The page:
Solar Energy Scotland has welcomed the Scottish Government’s inclusion of solar energy systems in the non-domestic rates regime, announced in the Scottish Budget 2023-24 last week (15 December).
The budget – described by deputy first minister John Swinney as “a different, more progressive path for Scotland” – and will see new solar schemes exempted from non-domestic rates until 2025.
This change will allow renewable businesses to “gain the full financial benefit of onsite generation,” said Solar Energy Scotland.
The benefits of excluding solar from non-domestic rates was recently highlighted in a letter from 24 Scottish companies to their ministers, which called for urgent alterations to government solar policy to support the sector. The exemption, the letter urged, would “help speed adoption and bring in additional revenue for local government over the rest of the working lifetimes of solar panels installed on industrial and commercial premises”.
New prescribed plan and machinery exemptions for onsite renewable energy generation and storage have also been included in the budget from 1 April 2023 until 31 March 2035 to further incentivise investment in renewable energy.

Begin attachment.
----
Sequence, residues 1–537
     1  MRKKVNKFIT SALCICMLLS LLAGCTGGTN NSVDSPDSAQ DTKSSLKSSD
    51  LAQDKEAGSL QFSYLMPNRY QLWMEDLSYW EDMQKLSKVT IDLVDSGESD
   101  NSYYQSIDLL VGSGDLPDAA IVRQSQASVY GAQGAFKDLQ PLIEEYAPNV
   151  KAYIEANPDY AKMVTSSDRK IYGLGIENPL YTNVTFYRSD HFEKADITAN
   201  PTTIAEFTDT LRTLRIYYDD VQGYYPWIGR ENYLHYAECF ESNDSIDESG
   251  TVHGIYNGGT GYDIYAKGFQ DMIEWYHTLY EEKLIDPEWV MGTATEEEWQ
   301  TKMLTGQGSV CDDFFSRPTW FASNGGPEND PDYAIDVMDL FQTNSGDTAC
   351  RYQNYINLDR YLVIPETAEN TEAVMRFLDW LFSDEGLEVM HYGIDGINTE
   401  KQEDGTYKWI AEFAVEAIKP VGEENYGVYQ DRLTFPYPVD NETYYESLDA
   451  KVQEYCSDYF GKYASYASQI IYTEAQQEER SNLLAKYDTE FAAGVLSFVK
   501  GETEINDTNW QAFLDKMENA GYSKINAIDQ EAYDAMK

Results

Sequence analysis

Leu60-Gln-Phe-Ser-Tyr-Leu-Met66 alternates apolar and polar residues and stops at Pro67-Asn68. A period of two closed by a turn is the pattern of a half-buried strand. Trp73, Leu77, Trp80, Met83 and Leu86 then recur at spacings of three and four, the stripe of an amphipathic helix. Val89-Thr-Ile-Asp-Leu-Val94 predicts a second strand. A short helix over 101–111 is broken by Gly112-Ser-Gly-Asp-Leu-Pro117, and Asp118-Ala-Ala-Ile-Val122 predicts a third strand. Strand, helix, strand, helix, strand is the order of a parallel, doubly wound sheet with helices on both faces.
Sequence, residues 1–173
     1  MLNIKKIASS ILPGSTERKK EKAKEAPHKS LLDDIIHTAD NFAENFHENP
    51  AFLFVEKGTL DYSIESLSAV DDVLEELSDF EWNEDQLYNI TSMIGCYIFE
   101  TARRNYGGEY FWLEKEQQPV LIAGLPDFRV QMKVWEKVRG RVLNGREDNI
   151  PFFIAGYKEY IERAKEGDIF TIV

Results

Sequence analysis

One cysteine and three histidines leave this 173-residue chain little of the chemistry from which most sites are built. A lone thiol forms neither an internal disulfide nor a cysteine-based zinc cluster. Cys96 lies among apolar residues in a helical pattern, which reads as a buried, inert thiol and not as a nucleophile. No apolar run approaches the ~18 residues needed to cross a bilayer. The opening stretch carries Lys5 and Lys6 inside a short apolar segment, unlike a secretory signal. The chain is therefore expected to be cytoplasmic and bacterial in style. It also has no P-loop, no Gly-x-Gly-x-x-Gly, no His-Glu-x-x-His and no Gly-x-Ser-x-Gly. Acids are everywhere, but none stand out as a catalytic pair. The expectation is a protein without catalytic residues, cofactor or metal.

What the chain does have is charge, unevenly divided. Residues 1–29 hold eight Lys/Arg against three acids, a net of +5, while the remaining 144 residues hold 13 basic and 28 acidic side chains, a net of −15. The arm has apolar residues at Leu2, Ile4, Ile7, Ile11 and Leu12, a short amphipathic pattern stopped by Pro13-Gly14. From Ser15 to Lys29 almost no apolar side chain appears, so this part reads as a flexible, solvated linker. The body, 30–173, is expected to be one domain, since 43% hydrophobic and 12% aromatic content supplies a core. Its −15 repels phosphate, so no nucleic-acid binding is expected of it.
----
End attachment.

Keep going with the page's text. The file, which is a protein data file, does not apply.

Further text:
“The announcement adds to a number of very positive moves by the Scottish Government over the course of the last 18 months, for example to accelerate and expand permitted development rights for rooftop solar and to improve the planning system to support more deployment,” said Emily Rice, policy analyst at Solar Energy Scotland.
“There remains a clear gap, however. We need to see a target in the forthcoming Energy Strategy so that solar is given the same treatment as other technologies such as heat pumps, electric vehicles and onshore and offshore wind. A solar target would provide policy certainty, support investment and inform decision making.”
Solar is one of the most financially efficient forms of renewable energy generation and the Scottish Government has repeatedly been urged to “realise solar’s full potential” and support the sector throughout the current energy crisis. Last week for example, saw record-high EPEX Day Ahead prices at £2,585/MWh.
Unprecedented high energy costs have put a significant strain on the solar industry. The recent Scottish Business Monitor report from Fraser of Allander found that 40% of businesses in Scotland expect to reduce operations due to the unprecedented energy costs and only 5% have forecast strong growth next year.
Chair of Solar Energy Scotland, Thomas McMillan, added: “Solar energy is the most affordable source of energy, creates green jobs, and contributes to Scotland’s legally binding decarbonisation targets. Relief from business rates empowers Scottish businesses to lower their energy costs and decarbonise by installing onsite solar energy generation. This is a welcome step for the solar industry, Scottish businesses and Scotland’s climate targets.”